Lighting It Up
by Rev. Paul Scalia
Reprinted by permission of "The Arlington Catholic Herald"
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Matthew wrote to show that Christ
Messiah and fulfilled the Jewish prophecies.
Jesus said to his disciples: "You are the salt of the earth. But if salt loses its taste, with what can it be seasoned? It is no longer good for anything but to be thrown out and trampled underfoot. You are the light of the world. A city set on a mountain cannot be hidden. Nor do they light a lamp and then put it under a bushel basket; it is set on a lamp stand, where it gives light to all in the house. Just so, your light must shine before others, that they may see your good deeds and glorify your heavenly Father."
You are the light of the world,” Our Lord says to His disciples (Mt 5:14). He compares this light to a lamp set on a lampstand to give light to all in the house (cf. Mt 5:15). We who have light at the flip of a switch or the press of a button might miss this image’s significance. In ancient Israel the light of a lamp was precious and tender. We grow accustomed to the night being illuminated, even to the point of speaking about “light pollution.” For them the lamp of a household had to be tended carefully and gave only the simplest light to the room. They knew that the darkness around them was great, so all the more did they value the light.
The spiritual darkness of the world around us is great as well — sometimes discouraging. This simple image of the church as a light — a lamp — encourages us in addressing that darkness. Light’s various aspects provide a blueprint for what the church is to be for those “who dwell in darkness and the shadow of death” (Lk 1:79).
Light reveals the truth. If you wake up at night you may, in the shadows, confuse a familiar object for something frightening. The bathrobe on the hook looks like a person, the shoe on the floor resembles a rodent. Walking across the room you might stub a toe or bang a knee on the table. By flipping the switch, however, you dispel the fright of the ominous bathrobe and menacing shoe, you avoid the assault of the stationary table.
So also the light of the Gospel reveals the truth — about the world, about man and about God. We, with all our artificial light, do not see these clearly. And in our darkness we harm ourselves terribly. We need the light of the Gospel to see the created world not as our own selfish possession but as intended for the glory of God. In the darkness we confuse man for just another object in our disposable culture — to be used and dispatched as we see fit. As an “expert in humanity” (Paul VI), the church enables us to see man for who he is — God’s image and the summit of His creation. Most importantly, we see God Himself more clearly — not as distant and aloof but as the loving Father Who has drawn close to us through His Son.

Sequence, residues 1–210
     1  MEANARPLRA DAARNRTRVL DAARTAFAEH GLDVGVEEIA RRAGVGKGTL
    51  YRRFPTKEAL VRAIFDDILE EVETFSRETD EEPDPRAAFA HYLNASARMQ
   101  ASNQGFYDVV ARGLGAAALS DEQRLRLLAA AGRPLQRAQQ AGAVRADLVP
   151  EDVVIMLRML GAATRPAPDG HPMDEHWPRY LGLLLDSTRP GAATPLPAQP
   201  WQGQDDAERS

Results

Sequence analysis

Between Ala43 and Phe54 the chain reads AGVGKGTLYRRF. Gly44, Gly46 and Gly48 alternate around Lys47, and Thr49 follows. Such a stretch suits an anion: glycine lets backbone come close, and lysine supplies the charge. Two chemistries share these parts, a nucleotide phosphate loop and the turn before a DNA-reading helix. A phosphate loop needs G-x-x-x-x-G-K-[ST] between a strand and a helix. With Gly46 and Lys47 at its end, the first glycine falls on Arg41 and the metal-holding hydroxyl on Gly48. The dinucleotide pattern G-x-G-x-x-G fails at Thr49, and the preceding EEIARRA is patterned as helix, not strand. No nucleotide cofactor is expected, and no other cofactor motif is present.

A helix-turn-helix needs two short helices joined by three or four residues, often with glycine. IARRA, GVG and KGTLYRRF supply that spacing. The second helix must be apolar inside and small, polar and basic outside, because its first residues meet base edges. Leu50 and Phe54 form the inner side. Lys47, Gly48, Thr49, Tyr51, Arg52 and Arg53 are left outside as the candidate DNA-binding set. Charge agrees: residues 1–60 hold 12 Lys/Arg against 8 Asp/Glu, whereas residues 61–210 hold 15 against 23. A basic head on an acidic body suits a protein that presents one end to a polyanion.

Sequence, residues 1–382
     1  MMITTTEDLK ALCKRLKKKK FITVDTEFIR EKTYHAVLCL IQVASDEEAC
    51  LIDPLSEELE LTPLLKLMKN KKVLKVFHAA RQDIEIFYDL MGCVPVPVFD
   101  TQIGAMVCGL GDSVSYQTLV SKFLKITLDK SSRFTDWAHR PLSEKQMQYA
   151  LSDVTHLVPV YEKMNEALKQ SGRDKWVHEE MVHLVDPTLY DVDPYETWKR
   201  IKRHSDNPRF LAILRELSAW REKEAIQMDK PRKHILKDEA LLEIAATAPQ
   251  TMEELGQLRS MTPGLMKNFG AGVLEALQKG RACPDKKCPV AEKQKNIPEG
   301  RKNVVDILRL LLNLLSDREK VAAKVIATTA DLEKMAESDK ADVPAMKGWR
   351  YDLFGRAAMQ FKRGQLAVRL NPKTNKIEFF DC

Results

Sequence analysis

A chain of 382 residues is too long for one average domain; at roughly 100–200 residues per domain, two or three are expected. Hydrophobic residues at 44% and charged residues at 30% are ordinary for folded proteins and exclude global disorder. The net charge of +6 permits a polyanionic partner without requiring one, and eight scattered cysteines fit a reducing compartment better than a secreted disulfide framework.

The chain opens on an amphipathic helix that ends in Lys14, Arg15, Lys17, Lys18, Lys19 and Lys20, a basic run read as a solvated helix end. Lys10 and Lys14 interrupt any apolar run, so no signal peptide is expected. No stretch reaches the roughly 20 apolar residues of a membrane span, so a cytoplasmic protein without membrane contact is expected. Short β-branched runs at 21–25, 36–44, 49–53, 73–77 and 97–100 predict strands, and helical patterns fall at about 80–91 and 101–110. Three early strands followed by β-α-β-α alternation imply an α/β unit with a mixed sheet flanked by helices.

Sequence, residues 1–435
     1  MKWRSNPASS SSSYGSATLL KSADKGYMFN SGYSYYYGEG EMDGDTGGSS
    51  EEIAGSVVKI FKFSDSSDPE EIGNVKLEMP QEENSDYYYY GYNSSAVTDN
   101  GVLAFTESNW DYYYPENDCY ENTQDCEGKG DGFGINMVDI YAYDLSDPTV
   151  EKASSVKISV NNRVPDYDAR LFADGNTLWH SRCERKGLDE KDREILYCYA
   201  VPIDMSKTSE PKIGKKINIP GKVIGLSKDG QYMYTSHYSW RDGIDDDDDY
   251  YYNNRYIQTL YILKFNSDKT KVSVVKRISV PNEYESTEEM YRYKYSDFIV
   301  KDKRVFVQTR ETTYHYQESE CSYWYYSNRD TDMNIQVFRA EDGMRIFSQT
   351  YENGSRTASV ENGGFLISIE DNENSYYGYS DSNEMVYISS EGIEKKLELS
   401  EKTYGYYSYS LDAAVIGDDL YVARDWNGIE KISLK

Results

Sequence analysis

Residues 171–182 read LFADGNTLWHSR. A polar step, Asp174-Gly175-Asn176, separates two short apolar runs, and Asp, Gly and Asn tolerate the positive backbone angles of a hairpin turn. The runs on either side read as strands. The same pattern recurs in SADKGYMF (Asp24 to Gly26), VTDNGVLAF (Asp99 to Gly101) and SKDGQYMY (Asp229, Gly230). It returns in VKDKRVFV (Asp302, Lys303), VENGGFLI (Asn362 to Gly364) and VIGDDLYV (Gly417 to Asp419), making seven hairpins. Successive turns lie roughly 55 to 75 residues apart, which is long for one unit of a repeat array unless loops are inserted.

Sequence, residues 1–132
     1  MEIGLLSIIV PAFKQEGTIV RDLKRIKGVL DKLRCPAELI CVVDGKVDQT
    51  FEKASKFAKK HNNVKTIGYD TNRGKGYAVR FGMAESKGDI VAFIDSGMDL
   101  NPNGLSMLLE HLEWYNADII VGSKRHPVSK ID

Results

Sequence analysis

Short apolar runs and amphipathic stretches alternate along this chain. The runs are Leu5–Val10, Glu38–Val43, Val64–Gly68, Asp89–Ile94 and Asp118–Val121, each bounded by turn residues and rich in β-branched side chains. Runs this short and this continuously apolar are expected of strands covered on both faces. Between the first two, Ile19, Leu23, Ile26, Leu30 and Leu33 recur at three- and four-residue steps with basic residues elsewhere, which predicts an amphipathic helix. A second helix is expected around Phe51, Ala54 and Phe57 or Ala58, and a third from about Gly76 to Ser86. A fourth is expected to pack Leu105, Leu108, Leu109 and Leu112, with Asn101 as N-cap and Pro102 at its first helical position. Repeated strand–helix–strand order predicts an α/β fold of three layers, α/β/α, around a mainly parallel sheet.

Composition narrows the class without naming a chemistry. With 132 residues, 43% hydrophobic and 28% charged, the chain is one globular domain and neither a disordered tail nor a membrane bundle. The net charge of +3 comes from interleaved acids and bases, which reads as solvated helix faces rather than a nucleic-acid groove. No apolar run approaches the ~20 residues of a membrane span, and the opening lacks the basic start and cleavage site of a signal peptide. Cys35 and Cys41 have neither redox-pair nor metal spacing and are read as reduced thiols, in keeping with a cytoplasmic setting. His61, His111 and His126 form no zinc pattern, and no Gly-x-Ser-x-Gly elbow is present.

Light provides guidance. Think of your car’s headlights. They are designed to show you the road ahead — how to proceed and what to avoid. Difficult to read by and terrible mood lighting, they do not serve any other purpose. So also the light of the Gospel is not for the stationary. It is meant for those who are on a journey — to reveal how to go and what to avoid. If we sit still with this light, it loses its purpose and power.
Light welcomes. In one of advertising’s greatest taglines, Tom Bodett pledges, “We’ll leave the light on for you.” His line makes us think of arriving at last, after a long journey, to the warm glow of a lamp that promises security, warmth and welcome. And this is precisely what the Gospel promises to souls that seek protection from evil, the warmth of charity and a welcome into the household of God. The church must be this light, lest souls turn aside and try to content themselves with false lights.
But light can also blind. You hate it when someone wakes you up with a bright light. It hurts your eyes and forces you to close them — as if to return to the comfortable darkness. The light of the Gospel, therefore, should be shined in such a way that it does not blind. For many people the direct force of it all at once may prove too much, and they close their eyes to it. We do better to shine the warm light of welcome and enlightenment than the klieg lights of condemnation.
Most importantly, light has a source. It never exists on its own but receives its power to enlighten from something else — a spark, a match, a generator. We are the light of the world only to the extent that we look to Christ and allow the glory of His countenance to be reflected from us.
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